Nuclear weapons are like the wedding at Cana

The supply of nuclear weapons can seem endless.

NuclearWarheadRemember the story in the Gospel of John from the Bible’s New Testament about the first miracle of Jesus Christ? To refresh your memory, Jesus attended a wedding with his mother and disciples (what, he couldn’t get a date?), in a village called Cana, which may have been in Galilee in northern Israel. When the wine ran out, he converted containers of water into wine. John also told us about the miracle of the loaves and fishes, which entailed Jesus feeding thousands with five barley loaves and two small fish. 

The U.S. government can be pretty miraculous, too. It’s demonstrated a capability to perform a similar act to Jesus, but with nuclear weapons. The more they disappear, it seems, the more magically others reappear to replace them.

On May 1, Gregg Mello, Executive Director of the Los Alamos Study Group, issued what he calls a press backgrounder, but which the rest of us might call an in-depth article complete with tables and graphs. He breaks down the Government Accountability Office’s (GAO) audit of the Obama administration’s nuclear-weapon dismantlement program as carried out by the National Nuclear Security Administration (NNSA). (Note: A nuclear weapon is considered dismantled when its plutonium “pit” is removed.) The results of the audit, through no fault of the GAO, were muddled. Mello writes:

GAO found that NNSA could not unambiguously describe its overall progress in dismantling the “several thousand” U.S. nuclear warheads already retired from the arsenal. This ambiguity arises in part because thousands of these warheads are being held in varying degrees of what in plain English might be called “partial” or “contingent” retirement, their final fate depending on stockpile and infrastructure decisions yet to be made and [on] the completion of actions which cannot be done until the late 2020s or early 2030s.


Approximately 9% percent of all warheads retired prior to 2009 but not yet dismantled are scheduled to be reinstated to the stockpile in 2013 and after. … The dismantlement process … typically results in reusable hard-to-make nuclear and non-nuclear components [such as thousands of pits that] are kept for possible future use. … The GAO found there is no system of tracking warhead retirement dates, making it doubly impossible to assess progress toward NNSA’s previous goal – adopted during the Bush Administration in 2006 but now apparently meaningless – of dismantling all warheads retired prior to 2009 by 2022.

Nor do we know exactly “which warheads and bombs are being dismantled or the arms control and disarmament significance of these dismantlements.” Furthermore, Mello reproduces a table that shows “the average dismantlement rate under President Obama is less than that of the three previous presidents.”

Meanwhile, here’s what elicited the comparisons with the miracles of Jesus:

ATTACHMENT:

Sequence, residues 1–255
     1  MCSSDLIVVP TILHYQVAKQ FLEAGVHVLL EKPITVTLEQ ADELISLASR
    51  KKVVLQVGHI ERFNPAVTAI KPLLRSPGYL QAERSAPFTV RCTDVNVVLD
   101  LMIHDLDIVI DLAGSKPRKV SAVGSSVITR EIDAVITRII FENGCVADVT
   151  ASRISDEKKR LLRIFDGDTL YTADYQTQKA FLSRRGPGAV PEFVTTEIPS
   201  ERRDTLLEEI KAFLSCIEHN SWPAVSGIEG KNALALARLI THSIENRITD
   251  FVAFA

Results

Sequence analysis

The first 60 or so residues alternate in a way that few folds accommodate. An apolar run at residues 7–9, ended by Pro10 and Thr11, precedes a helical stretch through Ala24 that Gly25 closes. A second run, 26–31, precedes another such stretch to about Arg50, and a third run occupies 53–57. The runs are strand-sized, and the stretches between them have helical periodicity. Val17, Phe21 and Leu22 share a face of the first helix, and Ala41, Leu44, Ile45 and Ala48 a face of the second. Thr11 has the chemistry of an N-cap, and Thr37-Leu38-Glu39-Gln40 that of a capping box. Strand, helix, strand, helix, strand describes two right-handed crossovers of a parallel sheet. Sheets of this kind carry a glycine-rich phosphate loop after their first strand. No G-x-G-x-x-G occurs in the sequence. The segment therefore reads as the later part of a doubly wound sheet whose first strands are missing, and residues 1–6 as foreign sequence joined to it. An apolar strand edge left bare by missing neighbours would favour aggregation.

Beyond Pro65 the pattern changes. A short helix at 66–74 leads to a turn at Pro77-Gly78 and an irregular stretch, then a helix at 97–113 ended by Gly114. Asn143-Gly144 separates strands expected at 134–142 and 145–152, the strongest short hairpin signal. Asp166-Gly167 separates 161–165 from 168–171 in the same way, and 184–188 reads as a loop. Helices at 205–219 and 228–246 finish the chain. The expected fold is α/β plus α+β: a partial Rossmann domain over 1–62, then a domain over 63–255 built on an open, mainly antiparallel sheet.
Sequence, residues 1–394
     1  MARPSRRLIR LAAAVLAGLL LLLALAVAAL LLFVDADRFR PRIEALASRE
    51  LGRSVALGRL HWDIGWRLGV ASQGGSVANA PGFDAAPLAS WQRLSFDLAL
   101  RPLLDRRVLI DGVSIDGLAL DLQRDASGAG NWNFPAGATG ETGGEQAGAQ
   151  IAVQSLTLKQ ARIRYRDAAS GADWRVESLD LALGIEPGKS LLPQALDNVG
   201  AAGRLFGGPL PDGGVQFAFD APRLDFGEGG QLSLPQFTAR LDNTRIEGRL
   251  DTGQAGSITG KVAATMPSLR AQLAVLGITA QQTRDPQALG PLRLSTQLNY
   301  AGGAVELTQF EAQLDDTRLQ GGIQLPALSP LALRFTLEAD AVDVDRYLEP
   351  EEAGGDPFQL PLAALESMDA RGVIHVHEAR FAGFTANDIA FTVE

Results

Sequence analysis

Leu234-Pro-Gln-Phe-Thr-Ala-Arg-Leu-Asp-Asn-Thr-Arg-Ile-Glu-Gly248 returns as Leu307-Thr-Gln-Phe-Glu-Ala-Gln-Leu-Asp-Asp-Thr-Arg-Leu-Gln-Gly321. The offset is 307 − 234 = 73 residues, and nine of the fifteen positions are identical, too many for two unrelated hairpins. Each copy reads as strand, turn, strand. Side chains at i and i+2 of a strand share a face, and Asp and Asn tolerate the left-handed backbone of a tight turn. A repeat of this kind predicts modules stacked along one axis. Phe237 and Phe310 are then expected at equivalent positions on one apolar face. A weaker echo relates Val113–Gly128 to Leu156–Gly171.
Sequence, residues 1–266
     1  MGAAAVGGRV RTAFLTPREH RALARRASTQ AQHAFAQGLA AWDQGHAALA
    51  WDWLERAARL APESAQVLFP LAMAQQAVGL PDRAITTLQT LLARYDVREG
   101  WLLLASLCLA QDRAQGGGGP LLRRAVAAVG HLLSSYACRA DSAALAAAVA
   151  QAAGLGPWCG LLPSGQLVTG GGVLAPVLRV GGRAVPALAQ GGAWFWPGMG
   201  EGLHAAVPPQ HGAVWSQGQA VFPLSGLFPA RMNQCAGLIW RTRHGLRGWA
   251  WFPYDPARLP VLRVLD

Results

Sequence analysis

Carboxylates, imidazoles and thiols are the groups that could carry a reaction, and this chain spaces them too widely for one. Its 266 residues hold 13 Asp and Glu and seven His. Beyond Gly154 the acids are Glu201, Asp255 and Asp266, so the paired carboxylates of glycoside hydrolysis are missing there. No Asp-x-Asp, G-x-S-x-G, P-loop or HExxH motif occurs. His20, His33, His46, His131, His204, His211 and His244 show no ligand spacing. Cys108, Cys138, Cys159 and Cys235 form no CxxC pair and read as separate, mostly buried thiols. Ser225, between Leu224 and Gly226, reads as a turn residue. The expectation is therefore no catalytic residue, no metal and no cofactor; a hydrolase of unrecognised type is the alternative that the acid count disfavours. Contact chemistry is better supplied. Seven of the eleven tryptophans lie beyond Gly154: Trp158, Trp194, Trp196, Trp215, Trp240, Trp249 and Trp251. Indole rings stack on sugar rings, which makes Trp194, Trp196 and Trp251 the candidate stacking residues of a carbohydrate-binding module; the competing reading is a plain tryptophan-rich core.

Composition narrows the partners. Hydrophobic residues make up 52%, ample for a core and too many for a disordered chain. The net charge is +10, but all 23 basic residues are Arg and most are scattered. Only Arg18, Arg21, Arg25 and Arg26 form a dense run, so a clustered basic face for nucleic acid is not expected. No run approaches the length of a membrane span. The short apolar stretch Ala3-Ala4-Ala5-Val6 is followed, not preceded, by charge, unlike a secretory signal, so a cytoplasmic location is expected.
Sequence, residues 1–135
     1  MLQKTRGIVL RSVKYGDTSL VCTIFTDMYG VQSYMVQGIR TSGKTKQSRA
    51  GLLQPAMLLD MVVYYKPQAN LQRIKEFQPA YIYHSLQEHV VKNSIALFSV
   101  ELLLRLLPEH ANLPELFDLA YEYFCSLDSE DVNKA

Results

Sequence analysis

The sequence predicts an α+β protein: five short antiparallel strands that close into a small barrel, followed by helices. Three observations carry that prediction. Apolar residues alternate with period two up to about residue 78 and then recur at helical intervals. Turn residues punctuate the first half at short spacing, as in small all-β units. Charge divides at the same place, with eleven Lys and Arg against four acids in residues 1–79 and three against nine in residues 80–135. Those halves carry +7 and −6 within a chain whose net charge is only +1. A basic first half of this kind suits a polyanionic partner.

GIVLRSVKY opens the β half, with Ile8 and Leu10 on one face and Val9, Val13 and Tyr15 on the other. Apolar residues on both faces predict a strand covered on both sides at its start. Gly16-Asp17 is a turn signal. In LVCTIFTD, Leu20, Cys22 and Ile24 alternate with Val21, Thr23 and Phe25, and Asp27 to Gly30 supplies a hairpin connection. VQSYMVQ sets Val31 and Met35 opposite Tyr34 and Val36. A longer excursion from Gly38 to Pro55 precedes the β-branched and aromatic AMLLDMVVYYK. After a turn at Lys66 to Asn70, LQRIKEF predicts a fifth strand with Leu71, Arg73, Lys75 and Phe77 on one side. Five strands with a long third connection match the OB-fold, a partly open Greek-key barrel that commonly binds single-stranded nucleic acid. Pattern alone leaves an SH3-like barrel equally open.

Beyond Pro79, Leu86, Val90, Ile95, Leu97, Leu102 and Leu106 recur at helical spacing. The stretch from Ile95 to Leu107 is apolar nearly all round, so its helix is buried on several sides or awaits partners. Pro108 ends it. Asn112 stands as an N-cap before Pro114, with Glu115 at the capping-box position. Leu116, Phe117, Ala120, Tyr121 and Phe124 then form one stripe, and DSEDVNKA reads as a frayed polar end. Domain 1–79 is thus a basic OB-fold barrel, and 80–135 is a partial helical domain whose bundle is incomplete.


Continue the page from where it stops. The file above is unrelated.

… warhead retirements under Obama have been made contingent on new warhead production capacity and on successful completion of warhead modernization projects, neither of which can be done before the late 2020s.

Not only have “the concept of warhead retirement and the data quality concerning the size of the stockpile … been eroded,” but

The budget and program prioritization of modernization over dismantlement is not at all new, although it is certainly new in this extreme degree. What is new is that warhead retirements and dismantlements are being held politically hostage to the approval and success of modernization programs.

Come to think of it, a better comparison might be the “Sorcerer’s Apprentice” segment of Fantasia. Whatever the case, disarmament that depends on developing new nuclear weapons is obviously not true disarmament. Still, while the shrinking space available for nuclear weapons in the national budget might not bode well for the economy as a whole, it’s fortuitous for disarmament. Elsewhere Mello writes, “Keeping the present U.S. arsenal, with planned upgrades and replacements, will cost $1 trillion over the coming 30 years, assuming all goes reasonably well with planned major procurements.” He further explains in an email to us (emphasis added):

I think much disarmament is inevitable, and within the decade, because difficult objective events are upon us and they will compel governments to deal with them in a way that makes nuclear modernization on the scale being proposed impossible. Ultimate nuclear abolition is also certain. It is not “the top of a mountain,” as Sam Nunn put it. Sam Nunn has no idea what he is talking about. Disarmament could be a pleasant stroll from perilous heights down to the green valley, where those who walked down would be welcomed with garlands and tears of joy. Otherwise, nuclear abolition will be found in the pit of a nuclear or global warming hell. So nuclear abolition is not uncertain. It is inevitable. The question is how it will come ― whether we can stop the criminal conspiracy which is killing nature and the human race ― and whether we will be around to experience that condition.

The national security apparatus, the perennial deep state, has charged its staff to maintain a large, diverse nuclear arsenal and to prevent any rivals to U.S. hegemony from arising. Obama didn’t need much coaching to utter those words in Prague that said, to all who have ears, “We will not have nuclear disarmament.” They heard the illusion described. They got the memo. They are carrying it out. They just told GAO how it is. To them, disarmament is only possible if it can be made illusory. That was the import of the President’s Prague speech. I’m sorry so many arms control professionals and journalists didn’t understand that. Maybe they will now. I’m not holding my breath.

Cross-posted from the Foreign Policy in Focus blog Focal Points.